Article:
Asked what inspired that level of devotion, Mr. Cavett pointed to Tick Hall’s setting, and to Montauk in general. “There just isn’t a bad day in Montauk: Rain is good, snow is charming, storms are spectacular, and occasional fog takes away first the horizon, then the beach, and finally the trees at the end of the lawn, leaving us in our own little world where we can hear the ocean waves but only know their direction from memory. And the perfect days are almost heartbreakingly beautiful. As the Bard said, ‘beauty too rich for use.’ My wife Martha matched the ceiling color of the big porch to the blue of the sky on one of those days.”

Mr. Cavett bought Tick Hall in 1966 from the estate of Harrison Tweed, a prominent attorney who also owned another property in the association.

“It was sheer luck that got me into this place,” he recalled. “I had already rented a shared house for the summer in East Hampton when I heard Tick Hall was available. I said to a friend ‘Let’s drive out to see the house I missed.’ At the end of a winding unpaved road, the house loomed into view and my friend started to get out of the car before it had come to a complete stop, yelling ‘Get it! Get it!’ ” He rented Tick Hall and then bought it from Mr. Tweed’s widow.

He would come to be an expert on Tick Hall’s history — in part through the research done after the fire — and a key player in maintaining the character of the Montauk Association, but “Back then,” Mr. Cavett wrote, “all we knew was that this was a great old place with porches and fireplaces and high ceilings, and moonlight, and a big beach on the ocean. It’s the only one of the Seven Sisters with oceanfront because in the 1920s, then-owner Harrison Tweed bought all the available land down to the ocean and some behind the house. His friends thought he was nuts to spend five dollars an acre, since in those days, nobody else came out this far on Long Island to this ‘wild and inconvenient’ place.” The seven-bedroom house sits on close to 20 acres in the historic district and is surrounded by preserved open space. “We didn’t know then that nothing could ever change as far away as you can see. . . .”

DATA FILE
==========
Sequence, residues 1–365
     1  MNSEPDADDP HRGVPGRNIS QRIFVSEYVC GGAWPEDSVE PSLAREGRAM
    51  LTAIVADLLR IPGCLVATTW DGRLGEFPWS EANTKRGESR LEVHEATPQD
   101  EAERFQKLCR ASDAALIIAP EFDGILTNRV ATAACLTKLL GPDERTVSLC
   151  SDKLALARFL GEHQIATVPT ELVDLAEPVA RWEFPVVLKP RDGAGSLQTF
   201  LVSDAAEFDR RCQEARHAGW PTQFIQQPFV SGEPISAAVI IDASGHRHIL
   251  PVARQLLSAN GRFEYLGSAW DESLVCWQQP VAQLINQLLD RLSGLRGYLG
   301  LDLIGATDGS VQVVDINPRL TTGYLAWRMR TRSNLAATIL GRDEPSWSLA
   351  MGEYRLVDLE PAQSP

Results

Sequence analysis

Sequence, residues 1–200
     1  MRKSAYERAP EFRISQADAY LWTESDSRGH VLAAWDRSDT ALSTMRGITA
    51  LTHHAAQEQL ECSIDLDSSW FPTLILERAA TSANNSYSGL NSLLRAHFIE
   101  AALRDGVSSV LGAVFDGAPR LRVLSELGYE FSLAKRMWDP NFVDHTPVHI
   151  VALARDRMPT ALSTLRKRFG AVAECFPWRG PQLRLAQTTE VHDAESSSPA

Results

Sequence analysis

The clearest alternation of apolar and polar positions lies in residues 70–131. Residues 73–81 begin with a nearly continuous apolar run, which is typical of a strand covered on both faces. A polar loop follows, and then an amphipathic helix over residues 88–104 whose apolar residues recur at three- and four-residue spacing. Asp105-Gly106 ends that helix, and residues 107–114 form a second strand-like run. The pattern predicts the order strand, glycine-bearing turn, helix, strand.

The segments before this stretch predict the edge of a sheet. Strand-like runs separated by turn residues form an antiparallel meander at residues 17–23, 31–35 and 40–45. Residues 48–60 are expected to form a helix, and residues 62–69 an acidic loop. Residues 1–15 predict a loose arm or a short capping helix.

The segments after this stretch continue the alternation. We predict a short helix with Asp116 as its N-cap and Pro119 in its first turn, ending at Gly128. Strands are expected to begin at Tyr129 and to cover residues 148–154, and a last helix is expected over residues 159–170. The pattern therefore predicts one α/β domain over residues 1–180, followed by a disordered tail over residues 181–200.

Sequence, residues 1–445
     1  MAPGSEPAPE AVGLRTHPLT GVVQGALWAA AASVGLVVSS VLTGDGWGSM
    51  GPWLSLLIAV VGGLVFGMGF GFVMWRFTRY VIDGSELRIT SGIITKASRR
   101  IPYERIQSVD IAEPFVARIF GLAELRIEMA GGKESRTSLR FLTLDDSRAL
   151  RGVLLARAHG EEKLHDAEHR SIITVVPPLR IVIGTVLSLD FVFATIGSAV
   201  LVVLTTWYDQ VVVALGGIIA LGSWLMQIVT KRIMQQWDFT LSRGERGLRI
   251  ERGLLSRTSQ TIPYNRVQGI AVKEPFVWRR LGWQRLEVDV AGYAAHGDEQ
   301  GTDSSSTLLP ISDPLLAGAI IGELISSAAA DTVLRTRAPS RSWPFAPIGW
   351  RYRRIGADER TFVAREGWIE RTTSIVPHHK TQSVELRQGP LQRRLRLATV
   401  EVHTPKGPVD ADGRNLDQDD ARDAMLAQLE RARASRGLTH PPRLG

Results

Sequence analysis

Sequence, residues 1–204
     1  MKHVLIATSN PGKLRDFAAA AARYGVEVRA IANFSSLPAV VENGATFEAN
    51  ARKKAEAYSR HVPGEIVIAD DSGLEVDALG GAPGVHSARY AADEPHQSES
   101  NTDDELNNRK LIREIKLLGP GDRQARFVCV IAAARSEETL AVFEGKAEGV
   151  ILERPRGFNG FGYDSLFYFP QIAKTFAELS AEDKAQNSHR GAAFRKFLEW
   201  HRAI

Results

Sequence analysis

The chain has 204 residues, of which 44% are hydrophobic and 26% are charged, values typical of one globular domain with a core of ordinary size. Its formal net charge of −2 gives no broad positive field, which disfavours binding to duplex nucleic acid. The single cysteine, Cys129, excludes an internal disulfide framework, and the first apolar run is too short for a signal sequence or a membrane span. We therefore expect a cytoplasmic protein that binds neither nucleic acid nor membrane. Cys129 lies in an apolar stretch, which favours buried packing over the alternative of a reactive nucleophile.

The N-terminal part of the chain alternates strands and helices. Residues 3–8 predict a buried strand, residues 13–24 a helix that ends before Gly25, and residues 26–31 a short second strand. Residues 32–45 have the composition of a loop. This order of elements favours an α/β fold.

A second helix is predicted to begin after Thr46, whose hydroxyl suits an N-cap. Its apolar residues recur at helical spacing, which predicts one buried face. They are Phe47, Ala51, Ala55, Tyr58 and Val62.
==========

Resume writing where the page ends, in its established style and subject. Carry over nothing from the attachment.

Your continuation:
“There’s no comp,” said the Cavetts’ agent, Karen Kelley, an associate broker with Corcoran, who is partnering with Tim Davis on the listing. Although there are other properties people might be tempted to compare it to, none of them, she said, have the unique qualities of Tick Hall: beachfront, a cove of its own, preserved property on nearly all sides. The old Warhol estate, Eothan, a 5.7-acre compound on the ocean just east of the Montauk Association, may be the closest comparison. It sold in late 2015 to Adam Lindemann, a billionaire gallerist and contemporary art collector, for $50 million.

Whoever the buyer of Tick Hall may be, “We just hope the next owners love it as much as we do,” Mr. Cavett said.

What special qualities would he like a new owner to be aware of? “The sunsets are differently beautiful every day,” he wrote. “I wish we had set up a timed camera to capture each one. And they are not just in the west; out here on the end of Long Island, the sunset colors often surround us 360 degrees. We watch the very special ones from the big porch on the first floor, and then run up as fast as we can to the attic and watch it again!”

Moonrises are equally impressive, he said. “We try to be here for the full moon; that golden orb rises directly out of the water and casts a golden light and then a silvery glow on the waves and offers light you think you can read by, all night. It's stunning."